A map of the South London Downs National Nature Reserve
A map of the South London Downs National Nature Reserve showing land ownership.
A recent press release from Natural England stating that Riddlesdown and all other City of London Commons/Croydon Council land (Coulsdon, Farthing Downs, Happy Valley, Kenley Common, Sanderstead and Whyteleafe etc) will be declared as the "South London Downs”
News letter No.23; February 2014
In May 2013 one of our Jacob sheep was attacked by a dog on Riddlesdown. The dog was caught by visitors and we got details of the dog’s owner. The City of London Corporation decided to prosecute and on 27th January 2014 the dog’s owner was sentenced to a fine of £600, ordered to pay £95 in compensation and prosecution costs of £100.
We welcome responsible dog walkers to our open spaces but it is vitally important that visitors keep their dogs under effective control – especially where livestock are present. When livestock are attacked we will prosecute.
For full story see:
Winter bluebell on the downs?
A shrill steam whistle heralded a visit by the Bluebell Special to Riddlesdown as it travelled from East Grinstead, steaming out of the tunnel and across the mainline viaduct spanning the Quarry. This is one of the steam engine “Specials” pulling carriages full of passengers on daytrips along the Bluebell’s recently extended route.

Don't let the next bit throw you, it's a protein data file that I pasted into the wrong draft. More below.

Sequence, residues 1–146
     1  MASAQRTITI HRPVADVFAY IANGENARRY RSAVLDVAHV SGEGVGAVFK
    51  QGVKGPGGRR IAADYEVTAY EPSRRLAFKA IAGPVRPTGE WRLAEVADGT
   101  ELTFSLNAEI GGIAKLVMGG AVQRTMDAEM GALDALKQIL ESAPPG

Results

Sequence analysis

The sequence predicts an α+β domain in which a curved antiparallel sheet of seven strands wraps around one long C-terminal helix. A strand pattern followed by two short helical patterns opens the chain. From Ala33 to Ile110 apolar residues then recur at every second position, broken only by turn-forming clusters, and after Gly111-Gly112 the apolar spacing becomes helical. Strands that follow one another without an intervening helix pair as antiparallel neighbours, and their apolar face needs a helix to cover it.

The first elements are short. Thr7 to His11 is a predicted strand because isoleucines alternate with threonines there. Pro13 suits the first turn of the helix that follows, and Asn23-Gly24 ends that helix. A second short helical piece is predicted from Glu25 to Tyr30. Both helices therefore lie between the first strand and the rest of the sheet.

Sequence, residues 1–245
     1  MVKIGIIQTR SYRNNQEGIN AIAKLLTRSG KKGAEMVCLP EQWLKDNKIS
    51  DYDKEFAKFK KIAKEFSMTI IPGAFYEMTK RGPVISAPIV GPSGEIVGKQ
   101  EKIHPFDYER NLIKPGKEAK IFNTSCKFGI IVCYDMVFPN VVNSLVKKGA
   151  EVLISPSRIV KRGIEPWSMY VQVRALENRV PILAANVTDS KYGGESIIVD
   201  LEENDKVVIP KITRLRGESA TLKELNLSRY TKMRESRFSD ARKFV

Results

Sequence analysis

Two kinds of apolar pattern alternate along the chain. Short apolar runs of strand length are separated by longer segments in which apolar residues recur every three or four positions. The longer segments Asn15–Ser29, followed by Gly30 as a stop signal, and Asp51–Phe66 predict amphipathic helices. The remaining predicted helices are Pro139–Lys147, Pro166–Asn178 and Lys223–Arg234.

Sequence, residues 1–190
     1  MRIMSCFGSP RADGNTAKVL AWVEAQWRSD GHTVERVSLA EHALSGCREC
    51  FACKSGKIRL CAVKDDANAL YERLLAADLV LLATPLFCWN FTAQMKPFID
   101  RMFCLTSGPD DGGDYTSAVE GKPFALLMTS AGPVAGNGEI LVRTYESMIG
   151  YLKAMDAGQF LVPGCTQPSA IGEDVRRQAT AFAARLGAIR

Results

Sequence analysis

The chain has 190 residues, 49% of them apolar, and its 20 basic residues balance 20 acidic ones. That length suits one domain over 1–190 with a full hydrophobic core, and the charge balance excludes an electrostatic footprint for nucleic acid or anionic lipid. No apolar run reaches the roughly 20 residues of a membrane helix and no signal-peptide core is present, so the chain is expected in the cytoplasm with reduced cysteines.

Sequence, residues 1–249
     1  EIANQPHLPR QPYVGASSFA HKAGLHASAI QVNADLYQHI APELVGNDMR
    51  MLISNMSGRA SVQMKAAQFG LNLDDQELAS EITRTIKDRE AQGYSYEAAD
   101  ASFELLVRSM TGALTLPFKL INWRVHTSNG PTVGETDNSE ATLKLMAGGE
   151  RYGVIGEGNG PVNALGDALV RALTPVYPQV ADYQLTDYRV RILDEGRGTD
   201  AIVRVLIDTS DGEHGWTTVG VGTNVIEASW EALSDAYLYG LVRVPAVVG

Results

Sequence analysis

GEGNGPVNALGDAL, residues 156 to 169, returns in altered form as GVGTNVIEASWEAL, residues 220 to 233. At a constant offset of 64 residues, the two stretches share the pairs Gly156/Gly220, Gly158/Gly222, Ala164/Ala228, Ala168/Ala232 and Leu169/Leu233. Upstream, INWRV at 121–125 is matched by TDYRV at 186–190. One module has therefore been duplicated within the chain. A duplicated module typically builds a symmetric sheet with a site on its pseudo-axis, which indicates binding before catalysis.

A century ago, thousands escaped smog of London and travelled to the Victorian theme park on the lower slopes of Riddlesdown. Famed for its tea gardens, miniature railway, monkey house and other rural delights, Gardner’s pleasure resort had over four thousand visitors on an August Bank Holiday back in 1908 -
Thank you to Alan Barnes for his stunning photograph.
See also the page on our website about steam trains passing through Riddlesdown Link
Riddlesdown Common -
Increasing numbers of deer have been seen roaming Riddlesdown Common and the adjoining Green Belt wood and scrub land. This is good to see.
However, there have also recently been reports of a number of dogs seen chasing deer. Unfortunately on Saturday 5 January 2013 at approx 9.30am, two Alsatian dogs were seen chasing deer which resulted in one doe being severely injured. The Police and a vet were called to the injured deer which subsequently had to be put down by injection. The Police at Sanderstead SNT are pursuing their enquiries to establish the dog owner(s).
Dog owners are reminded to keep their dogs under control at all times when on the Common and to be prepared to encounter deer at any time. If owners have large dogs and are likely to chase deer, then they are urged to take measures, to prevent further attacks.